Author: Jan Camp
Author: Jan Camp
During a recent vacation with my family at an upscale resort, all eyes turned to a 30-ish woman doing amazing things with her hula hoop on the beach. It brought back a flood of good memories playing with hula hoops as kids. I couldn’t be more delighted to see that there’s a new wave of interest in this artful sport.
Hoopdance Revolution by Jan Camp is the most complete book on the hula hoop anyone could ever wish for. Nearly every page contains color photographs, adding to the interest and fun of reading.
Her brief history of the hula hoop is fascinating and even includes a vintage French postcard of ladies in old fashioned swim suits hooping with the Arc de Triomphe in the background.
Instructions on technique guide both the newbie and experienced hooper. “If you are new to hooping, avoid using your body as a single unit like a paddle. Taking a rigid stance might help to keep the hoop up longer, but it will make dancing more difficult and ultimately cause strain. Instead, keep your posture loose and responsive,” says Camp. She goes on to explain that reversing direction improves balance and mental acuity by engaging both sides of the body and the brain.
But there is an abundance of information for advanced and professionals as well. There is obstacle hooping, unconventional postures including yoga poses, hooping on rollerblades, martial arts, and of course, dance. There is even a section on hooping through pregnancy.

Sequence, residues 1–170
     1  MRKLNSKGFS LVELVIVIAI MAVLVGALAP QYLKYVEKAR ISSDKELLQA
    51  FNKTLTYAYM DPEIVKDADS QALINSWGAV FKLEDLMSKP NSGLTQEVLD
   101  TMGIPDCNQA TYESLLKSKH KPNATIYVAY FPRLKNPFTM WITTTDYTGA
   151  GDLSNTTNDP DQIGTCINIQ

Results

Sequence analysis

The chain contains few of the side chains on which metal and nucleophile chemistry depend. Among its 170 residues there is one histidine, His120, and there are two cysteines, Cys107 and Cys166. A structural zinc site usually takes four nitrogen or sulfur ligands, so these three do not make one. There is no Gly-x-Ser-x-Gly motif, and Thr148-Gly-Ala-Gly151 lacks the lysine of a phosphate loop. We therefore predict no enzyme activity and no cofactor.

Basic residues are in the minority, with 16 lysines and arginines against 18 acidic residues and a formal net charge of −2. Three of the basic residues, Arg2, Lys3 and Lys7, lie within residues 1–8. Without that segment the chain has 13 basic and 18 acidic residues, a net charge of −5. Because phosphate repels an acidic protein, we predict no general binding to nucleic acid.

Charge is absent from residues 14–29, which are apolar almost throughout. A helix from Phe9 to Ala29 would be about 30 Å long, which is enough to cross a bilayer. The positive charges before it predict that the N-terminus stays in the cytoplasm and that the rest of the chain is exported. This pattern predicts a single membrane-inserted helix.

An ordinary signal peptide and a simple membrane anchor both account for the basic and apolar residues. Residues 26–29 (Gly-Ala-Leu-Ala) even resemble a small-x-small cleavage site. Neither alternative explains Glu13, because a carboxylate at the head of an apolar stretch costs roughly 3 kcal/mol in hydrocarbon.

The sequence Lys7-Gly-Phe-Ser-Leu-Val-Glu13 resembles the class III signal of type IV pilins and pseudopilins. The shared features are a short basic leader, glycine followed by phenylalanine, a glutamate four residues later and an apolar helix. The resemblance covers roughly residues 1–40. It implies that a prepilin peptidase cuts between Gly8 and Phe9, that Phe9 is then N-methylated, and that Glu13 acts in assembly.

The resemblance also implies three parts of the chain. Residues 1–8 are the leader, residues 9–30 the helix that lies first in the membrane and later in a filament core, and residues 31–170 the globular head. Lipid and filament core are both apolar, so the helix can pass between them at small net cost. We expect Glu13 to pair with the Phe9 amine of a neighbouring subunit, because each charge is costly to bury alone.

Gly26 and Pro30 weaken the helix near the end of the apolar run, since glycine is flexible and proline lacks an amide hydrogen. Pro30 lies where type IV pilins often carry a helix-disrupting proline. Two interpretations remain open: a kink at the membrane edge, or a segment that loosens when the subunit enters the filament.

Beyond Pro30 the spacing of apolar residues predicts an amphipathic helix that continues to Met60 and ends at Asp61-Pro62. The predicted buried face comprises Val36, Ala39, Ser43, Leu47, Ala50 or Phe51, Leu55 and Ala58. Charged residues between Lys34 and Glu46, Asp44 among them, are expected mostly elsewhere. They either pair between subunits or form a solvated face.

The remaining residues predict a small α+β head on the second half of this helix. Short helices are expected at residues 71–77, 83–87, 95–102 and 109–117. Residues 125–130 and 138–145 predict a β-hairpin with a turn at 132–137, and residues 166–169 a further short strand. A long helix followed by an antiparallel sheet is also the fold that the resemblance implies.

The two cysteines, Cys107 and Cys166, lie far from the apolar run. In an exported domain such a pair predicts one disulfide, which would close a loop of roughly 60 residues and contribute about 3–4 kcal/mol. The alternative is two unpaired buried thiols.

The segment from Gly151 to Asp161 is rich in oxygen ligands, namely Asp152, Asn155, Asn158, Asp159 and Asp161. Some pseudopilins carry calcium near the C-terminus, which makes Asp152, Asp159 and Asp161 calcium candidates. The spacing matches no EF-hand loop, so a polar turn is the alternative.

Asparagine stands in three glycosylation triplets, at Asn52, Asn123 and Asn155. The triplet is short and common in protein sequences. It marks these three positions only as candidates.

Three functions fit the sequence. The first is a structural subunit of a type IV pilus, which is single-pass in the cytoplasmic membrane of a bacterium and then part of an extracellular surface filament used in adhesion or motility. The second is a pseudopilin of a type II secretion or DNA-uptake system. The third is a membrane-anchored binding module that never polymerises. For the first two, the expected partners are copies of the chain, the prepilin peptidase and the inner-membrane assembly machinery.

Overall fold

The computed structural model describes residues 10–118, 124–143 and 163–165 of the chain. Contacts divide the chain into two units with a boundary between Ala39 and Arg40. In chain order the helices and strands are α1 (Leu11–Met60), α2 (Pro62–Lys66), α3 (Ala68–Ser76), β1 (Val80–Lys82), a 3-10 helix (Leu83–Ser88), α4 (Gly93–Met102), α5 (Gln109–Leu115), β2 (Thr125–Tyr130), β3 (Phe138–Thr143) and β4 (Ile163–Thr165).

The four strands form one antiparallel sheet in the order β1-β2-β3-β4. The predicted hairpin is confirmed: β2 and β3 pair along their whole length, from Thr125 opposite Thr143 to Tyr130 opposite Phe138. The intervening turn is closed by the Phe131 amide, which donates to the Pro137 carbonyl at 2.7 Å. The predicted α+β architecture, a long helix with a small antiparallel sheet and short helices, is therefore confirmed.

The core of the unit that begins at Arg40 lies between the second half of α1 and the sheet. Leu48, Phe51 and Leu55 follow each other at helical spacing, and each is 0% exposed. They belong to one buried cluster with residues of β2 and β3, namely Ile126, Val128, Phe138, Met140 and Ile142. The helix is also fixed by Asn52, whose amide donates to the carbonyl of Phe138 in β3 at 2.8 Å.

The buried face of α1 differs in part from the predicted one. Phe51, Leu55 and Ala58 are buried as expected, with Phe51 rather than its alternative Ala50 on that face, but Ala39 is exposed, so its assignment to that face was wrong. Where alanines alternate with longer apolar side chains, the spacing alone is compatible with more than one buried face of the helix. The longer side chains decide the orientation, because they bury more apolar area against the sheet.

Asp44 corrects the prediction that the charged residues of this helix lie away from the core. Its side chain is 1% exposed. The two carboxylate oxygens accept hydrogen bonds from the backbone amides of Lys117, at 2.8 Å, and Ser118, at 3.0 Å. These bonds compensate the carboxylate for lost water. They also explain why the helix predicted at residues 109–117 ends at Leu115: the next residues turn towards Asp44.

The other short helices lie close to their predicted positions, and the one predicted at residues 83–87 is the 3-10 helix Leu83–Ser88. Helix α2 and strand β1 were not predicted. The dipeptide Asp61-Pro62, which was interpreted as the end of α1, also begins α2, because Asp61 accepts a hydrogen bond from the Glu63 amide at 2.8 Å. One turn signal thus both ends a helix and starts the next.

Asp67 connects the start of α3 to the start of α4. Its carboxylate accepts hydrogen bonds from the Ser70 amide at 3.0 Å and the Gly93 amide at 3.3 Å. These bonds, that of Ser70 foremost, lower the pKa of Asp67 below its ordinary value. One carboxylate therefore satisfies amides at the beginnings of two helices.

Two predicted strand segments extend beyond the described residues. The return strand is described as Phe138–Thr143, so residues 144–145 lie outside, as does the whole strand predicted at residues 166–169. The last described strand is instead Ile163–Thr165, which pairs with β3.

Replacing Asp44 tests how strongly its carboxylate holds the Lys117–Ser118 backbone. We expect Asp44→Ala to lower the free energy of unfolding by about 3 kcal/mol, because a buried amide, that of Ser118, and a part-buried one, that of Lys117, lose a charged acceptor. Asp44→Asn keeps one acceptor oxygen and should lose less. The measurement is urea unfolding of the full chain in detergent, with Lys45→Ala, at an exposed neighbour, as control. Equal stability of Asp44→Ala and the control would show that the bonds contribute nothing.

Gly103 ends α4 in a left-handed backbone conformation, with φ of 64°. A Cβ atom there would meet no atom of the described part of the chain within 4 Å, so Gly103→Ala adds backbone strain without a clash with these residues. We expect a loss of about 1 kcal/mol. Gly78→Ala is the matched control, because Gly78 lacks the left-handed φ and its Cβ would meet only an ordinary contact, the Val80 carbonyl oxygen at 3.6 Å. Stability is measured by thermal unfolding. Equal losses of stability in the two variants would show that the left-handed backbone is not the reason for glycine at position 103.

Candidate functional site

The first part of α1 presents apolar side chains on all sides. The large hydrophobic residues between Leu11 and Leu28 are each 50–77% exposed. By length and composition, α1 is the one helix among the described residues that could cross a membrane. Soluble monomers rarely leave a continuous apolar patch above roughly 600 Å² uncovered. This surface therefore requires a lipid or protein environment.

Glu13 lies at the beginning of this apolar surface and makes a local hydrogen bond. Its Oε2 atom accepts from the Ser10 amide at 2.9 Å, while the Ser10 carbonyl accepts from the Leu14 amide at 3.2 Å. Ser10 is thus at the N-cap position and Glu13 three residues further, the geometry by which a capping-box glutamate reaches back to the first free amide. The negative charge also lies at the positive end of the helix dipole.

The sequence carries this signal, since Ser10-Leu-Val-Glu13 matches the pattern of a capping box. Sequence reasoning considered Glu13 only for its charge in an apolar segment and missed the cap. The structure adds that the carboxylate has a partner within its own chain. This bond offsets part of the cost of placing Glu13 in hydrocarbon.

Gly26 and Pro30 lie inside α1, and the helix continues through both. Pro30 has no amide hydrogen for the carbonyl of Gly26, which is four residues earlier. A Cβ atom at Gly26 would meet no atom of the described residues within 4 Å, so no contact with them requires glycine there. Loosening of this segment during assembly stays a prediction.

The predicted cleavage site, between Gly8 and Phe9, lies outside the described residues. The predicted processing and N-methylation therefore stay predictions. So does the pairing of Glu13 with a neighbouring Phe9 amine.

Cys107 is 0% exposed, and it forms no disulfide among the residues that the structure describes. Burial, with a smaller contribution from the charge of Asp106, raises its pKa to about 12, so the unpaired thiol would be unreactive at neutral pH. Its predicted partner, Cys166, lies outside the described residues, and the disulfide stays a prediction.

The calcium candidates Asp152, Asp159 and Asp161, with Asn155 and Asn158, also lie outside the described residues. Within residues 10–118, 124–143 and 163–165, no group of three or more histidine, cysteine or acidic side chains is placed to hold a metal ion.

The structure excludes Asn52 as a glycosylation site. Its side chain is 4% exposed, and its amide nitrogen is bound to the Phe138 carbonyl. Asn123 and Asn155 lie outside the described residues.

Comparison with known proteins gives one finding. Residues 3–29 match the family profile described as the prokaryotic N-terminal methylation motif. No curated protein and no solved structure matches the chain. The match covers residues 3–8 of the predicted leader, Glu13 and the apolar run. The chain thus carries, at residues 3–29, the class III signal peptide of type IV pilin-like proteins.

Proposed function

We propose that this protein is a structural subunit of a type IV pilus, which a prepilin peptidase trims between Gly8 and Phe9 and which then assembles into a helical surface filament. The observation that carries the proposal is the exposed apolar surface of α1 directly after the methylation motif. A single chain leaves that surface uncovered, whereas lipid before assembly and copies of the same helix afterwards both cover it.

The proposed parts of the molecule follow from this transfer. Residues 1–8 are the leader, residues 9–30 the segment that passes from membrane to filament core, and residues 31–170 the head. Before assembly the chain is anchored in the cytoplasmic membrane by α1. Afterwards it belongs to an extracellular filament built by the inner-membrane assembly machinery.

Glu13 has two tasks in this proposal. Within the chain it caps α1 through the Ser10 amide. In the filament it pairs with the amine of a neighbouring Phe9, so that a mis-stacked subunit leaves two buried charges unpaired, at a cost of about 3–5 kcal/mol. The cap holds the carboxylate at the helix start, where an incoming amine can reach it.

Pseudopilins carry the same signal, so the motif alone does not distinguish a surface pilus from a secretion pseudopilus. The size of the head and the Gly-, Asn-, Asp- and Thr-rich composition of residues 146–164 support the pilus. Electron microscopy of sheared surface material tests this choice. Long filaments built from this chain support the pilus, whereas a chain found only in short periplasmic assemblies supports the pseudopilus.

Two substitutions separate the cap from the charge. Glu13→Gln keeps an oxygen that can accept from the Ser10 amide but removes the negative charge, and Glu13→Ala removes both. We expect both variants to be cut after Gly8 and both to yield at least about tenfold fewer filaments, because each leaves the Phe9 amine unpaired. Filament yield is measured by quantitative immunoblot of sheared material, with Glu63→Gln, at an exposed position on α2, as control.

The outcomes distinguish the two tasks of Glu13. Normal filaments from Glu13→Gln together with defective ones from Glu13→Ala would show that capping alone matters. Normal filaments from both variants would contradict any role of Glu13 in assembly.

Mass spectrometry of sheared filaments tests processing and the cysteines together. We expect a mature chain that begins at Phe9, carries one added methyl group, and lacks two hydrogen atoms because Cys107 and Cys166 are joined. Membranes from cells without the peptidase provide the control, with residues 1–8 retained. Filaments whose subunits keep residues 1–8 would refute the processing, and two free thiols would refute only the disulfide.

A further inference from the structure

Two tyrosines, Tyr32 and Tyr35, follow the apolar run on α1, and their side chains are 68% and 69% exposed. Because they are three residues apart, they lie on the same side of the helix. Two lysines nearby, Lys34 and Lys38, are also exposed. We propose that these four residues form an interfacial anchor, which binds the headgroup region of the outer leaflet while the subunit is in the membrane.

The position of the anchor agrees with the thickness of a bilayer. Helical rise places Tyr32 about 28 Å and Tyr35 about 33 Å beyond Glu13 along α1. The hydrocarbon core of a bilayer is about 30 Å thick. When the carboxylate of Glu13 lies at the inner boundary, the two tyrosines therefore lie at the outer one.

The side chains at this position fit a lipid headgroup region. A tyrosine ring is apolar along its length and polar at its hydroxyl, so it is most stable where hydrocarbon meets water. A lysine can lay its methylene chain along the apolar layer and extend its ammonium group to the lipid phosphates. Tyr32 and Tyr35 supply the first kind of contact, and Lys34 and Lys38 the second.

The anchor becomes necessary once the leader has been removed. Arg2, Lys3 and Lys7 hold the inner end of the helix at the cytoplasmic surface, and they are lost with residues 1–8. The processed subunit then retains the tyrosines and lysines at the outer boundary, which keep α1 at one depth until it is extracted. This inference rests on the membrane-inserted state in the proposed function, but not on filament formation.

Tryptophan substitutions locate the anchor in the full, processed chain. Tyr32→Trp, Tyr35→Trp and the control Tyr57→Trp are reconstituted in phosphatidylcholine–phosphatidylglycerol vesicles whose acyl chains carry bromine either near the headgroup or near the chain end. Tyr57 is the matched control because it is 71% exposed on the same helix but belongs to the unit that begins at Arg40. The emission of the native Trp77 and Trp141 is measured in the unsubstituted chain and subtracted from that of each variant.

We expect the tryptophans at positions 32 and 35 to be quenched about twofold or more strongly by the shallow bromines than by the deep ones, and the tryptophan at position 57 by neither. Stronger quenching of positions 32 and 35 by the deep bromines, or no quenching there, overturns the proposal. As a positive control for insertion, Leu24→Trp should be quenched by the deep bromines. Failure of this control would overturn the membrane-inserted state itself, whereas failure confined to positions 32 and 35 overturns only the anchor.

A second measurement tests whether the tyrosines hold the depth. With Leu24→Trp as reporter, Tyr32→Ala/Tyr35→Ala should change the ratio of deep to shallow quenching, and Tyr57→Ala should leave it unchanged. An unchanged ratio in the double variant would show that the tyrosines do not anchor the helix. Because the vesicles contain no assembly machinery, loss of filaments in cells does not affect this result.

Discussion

According to personal testimony given in the book, hooping can dispel depression and help people of all ages deal with stress. Several people tell how they lost unwanted body fat via the fun of hooping. Julie of Las Vegas started out as a closet hooper, then graduated to doing outdoor hoopdance. As a result, she lost 60 pounds. Dana Moore began hooping to modern day hymns in order to work out her anger after a bitter divorce.
It seems that the spectrum of religions have incorporated the hula hoop. In Alabama, there is a hoopdance ministry associated with a local Christian church that gives away hoops that have been prayed over and anointed in oil. American Indians bring their culture to life through their sacred storytelling hoopdances. Buddhist Betty Shurin hoops to “awaken energy through intentional movement.” New Agers also employ hooping to balance energy. KaRa Maria Ananda says that “hoopdance not only keeps the human body in good health but strengthens the Milky Way as well.”
Readers may not agree with all viewpoints in the book, but one thing is for sure. You won’t find a more interesting, entertaining, better documented book on the hula hoop than Jan Camp’s Hoopdance Revolution.
Follow Here To Purchase Hoopdance Revolution: Mindfulness in Motion: Full Color Edition